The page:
Did the bike feel stiff in the right places? Did any part of the bike feel too stiff or too flexible?
Overall stiffness is pretty good, certainly for the style of riding the Salsa is aimed at.
How did the bike transfer power? Did it feel efficient?
It's a bit on the weighty side to feel hugely efficient, but a decent spread of gears helps overcome that.
Was there any toe-clip overlap with the front wheel? If so was it a problem?
How would you describe the steering? Was it lively neutral or unresponsive? Neutral at its fastest.
Tell us some more about the handling. How did the bike feel overall? Did it do particular things well or badly?
On all but the fastest of technical terrain, the Salsa is very capable. It feels planted beneath you, providing a good level of confidence on loose terrain.
Which components had the most effect (good or bad) on the bike's comfort? would you recommend any changes?
I found the saddle a bit too squidgy for me, resulting in some numbness.
Which components had the most effect (good or bad) on the bike's stiffness? would you recommend any changes?
The handlebar showed little flex, which is great for out of the saddle efforts.
Which components had the most effect (good or bad) on the bike's efficiency? would you recommend any changes?
The wheels blunt acceleration and climbing a bit because of their weight, but I found the lower gears helped me tackle most climbs in the saddle.
Tell us some more about the drivetrain. Anything you particularly did or didn't like? Any components which didn't work well together?
The Shimano GRX 600 groupset is dependable, easy to use and here comes with a good spread of gears.
Wheels and tyres
Tell us some more about the wheels.Did they work well in the conditions you encountered? Would you change the wheels? If so what for?
Decent enough wheels, hardwearing through the test period, but not the lightest by any stretch of the imagination.
Tell us some more about the tyres. Did they work well in the conditions you encountered? Would you change the tyres? If so what for?
Their meagre tread makes them more suited to dry and firm conditions, but they still managed to do okay in soft mud up to a point. Roll well on the road.
Tell us some more about the controls. Any particularly good or bad components? How would the controls work for larger or smaller riders?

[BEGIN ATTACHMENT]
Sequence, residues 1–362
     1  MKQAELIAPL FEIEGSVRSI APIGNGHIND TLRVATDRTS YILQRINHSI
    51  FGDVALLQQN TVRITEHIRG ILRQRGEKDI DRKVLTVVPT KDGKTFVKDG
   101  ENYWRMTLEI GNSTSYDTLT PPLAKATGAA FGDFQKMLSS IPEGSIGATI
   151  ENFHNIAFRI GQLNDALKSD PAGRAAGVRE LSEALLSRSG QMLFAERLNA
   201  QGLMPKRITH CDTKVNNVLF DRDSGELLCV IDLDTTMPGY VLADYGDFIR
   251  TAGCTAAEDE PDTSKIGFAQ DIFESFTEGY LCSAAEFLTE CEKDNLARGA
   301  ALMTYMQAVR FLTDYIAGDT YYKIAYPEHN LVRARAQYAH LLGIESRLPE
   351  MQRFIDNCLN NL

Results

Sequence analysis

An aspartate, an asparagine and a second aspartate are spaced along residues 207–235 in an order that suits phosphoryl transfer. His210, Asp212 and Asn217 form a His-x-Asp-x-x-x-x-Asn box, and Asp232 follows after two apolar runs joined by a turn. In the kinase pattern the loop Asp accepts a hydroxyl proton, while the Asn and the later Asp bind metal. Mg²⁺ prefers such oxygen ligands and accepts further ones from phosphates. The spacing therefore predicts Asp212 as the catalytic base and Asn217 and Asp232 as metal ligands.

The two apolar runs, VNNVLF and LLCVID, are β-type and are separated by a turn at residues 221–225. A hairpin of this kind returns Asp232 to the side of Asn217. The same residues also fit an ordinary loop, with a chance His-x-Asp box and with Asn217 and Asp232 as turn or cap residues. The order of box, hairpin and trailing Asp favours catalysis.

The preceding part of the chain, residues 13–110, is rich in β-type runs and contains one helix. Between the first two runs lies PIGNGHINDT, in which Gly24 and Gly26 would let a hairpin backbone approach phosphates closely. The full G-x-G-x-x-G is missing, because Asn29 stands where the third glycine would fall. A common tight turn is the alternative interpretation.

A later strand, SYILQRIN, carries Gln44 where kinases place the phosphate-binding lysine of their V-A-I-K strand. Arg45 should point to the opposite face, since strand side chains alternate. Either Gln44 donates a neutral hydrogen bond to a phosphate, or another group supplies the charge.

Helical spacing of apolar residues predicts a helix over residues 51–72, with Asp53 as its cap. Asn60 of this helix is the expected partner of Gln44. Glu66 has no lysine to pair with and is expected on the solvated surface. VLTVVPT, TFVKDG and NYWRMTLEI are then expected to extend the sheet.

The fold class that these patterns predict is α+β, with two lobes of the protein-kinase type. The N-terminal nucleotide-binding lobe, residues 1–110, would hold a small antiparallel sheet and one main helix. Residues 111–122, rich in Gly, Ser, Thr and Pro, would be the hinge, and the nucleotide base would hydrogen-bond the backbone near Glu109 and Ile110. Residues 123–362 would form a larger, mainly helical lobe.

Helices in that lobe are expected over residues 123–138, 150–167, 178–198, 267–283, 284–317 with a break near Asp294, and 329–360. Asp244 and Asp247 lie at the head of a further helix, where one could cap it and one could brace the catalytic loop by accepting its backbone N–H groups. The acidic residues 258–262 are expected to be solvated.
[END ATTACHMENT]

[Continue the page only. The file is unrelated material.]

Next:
I got on well with the shape of the handlebar, but found the saddle a bit too soft.
Did you enjoy riding the bike? Yes
Would you consider buying the bike? It's quite a lot of cash for the spec list... it's a maybe.
Would you recommend the bike to a friend? Yes
How does the price compare to that of similar bikes in the market, including ones recently tested on road.cc?
Merida has two Silex models that are both slightly cheaper than the Journeyer, one with an alloy frame but higher end finishing kit, the other with a carbon frame and fork. Dolan's GXA aluminium gravel bike has a similar number of mounts as the Salsa, making it highly versatile; with a GRX 600 groupset and a fork upgrade to give extra eyelets it costs £1,899.97.
Use this box to explain your overall score
The Journeyer is definitely a fun bike to ride and comfortable too – in fact, take price out of the equation and there isn't much to fault it. For the spec level and weight it is on the pricier side, though. It's very good in some respects, but taking the price and weight into account, it's a good/7 overall.
About the tester
I usually ride: This month's test bike My best bike is: B'Twin Ultra CF draped in the latest bling test components
I've been riding for: Over 20 years I ride: Every day I would class myself as: Expert
I regularly do the following types of riding: time trialling, commuting, club rides, sportives, fixed/singlespeed,
As part of the Tech Hub here at F-At Digital, our senior product reviewer Stu uses the knowledge gained from putting well over a 1,000 products through their paces (including hundreds of bikes) to write in-depth reviews of a huge range of kit. After first throwing his leg over a race bike back in 2000, Stu's ridden more than 160,000 miles on road, time-trial, track, and gravel bikes, and while he's put his racing days behind him he still likes to smash the pedals rather than take things easy. Although, as he spends a fair bit of his time reviewing ebikes these days he's becoming an expert in letting the motor take the strain. He's also waiting for 23mm race tyres to make a comeback!